MAA Writing Awards
The Adventures of \(\pi\)-Man: Measuring the Universe
Award: Trevor Evans Award
Year of Award: 2011
In this article, the reader travels with the remarkable \(\pi\) -Man as he measures his way from the Earth to the Universe. He measures the circumference of the Earth with just a pocket watch; he measures time and the weight of the Earth with a yardstick; and he measures the universe with no tools at all.
As he progresses, we move from the realm of Euclidean Geometry to Einstein‟s Special and General Theories of Relativity and to cutting edge work using the Hubble Telescope. And so with π-Man, we too understand “that geometry (\(\gamma\epsilon\omicron\mu\epsilon\tau\rho\psi\)) really means 'measuring the Earth'."
About the Author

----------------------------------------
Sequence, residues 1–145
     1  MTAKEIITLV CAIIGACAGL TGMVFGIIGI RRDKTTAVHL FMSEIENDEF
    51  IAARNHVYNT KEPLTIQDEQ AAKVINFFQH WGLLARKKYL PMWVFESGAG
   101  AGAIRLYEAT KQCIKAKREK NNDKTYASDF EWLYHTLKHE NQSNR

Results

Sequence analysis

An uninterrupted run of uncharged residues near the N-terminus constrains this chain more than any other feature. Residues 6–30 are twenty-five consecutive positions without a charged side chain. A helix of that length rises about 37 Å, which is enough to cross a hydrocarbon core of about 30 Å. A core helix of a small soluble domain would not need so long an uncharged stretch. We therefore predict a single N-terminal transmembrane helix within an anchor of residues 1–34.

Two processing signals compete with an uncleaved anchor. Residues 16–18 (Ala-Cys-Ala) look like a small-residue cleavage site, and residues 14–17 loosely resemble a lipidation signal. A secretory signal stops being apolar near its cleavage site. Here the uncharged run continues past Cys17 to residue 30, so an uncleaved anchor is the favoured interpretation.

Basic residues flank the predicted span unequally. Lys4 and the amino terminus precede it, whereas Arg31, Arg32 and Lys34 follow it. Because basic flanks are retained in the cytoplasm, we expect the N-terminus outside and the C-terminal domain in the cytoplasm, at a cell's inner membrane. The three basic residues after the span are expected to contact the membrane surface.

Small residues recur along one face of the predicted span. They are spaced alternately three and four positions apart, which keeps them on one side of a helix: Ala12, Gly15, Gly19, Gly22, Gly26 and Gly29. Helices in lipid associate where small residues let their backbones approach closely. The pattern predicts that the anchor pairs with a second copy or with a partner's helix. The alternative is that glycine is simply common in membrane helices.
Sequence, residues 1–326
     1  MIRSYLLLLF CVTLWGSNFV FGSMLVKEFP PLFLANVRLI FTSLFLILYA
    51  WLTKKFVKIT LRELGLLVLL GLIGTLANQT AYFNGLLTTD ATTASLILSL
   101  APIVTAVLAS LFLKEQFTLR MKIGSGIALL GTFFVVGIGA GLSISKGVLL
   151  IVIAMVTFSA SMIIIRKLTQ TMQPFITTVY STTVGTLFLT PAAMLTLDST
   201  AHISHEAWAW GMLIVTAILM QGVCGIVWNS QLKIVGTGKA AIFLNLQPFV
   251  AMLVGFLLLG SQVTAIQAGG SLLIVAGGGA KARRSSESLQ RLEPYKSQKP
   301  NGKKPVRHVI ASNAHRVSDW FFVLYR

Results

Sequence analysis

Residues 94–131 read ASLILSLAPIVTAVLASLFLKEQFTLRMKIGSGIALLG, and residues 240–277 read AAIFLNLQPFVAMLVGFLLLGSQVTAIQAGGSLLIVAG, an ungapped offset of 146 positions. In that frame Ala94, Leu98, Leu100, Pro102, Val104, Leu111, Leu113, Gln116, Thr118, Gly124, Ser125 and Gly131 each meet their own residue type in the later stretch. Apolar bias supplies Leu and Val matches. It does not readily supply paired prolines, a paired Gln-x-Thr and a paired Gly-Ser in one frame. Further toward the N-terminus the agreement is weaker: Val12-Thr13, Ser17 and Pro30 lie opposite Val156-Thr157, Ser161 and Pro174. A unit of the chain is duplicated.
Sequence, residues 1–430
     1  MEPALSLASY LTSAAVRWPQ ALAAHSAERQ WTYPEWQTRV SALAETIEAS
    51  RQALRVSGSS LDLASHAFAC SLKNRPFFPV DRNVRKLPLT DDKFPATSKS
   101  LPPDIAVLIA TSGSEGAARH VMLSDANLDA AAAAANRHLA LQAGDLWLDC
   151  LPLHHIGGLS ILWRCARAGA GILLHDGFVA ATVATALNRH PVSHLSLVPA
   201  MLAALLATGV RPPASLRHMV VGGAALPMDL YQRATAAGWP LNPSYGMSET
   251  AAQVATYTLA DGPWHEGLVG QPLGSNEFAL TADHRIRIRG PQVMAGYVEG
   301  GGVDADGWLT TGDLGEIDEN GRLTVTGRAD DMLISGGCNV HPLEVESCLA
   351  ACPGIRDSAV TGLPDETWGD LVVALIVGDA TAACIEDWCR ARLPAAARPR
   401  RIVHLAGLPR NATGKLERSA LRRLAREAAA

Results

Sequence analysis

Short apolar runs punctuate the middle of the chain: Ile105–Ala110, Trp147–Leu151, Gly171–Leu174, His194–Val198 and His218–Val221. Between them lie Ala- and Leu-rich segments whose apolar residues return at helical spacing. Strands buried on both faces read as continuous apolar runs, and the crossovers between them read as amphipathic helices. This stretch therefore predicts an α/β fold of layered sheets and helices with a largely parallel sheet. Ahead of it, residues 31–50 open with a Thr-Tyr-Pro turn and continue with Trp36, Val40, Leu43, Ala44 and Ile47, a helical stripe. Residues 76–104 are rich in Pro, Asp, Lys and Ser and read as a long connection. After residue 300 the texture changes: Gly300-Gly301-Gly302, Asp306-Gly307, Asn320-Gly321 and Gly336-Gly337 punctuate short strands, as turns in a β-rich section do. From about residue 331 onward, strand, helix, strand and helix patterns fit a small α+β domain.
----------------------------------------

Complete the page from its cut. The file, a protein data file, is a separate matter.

Lawrence Brenton was educated at the University of Pennsylvania (B.A.) and the University of Washington (Ph.D.). Following postdoctoctoral work at the University of Bonn, he came to Wayne State University, where he has served on the mathematics faculty for thirty-six years.
Professor Brenton‟s research interests are algebraic geometry and several complex variables, with particular focus on singularities of analytic varieties. This work has led to contributions to singularity theory in mathematical physics.
Throughout his tenure, Professor Brenton has pursued educational issues with keen enthusiasm, having directed the Wayne State Undergraduate Research Group for many years, in addition to mentoring graduate students in mathematics education and contributing to curriculum development.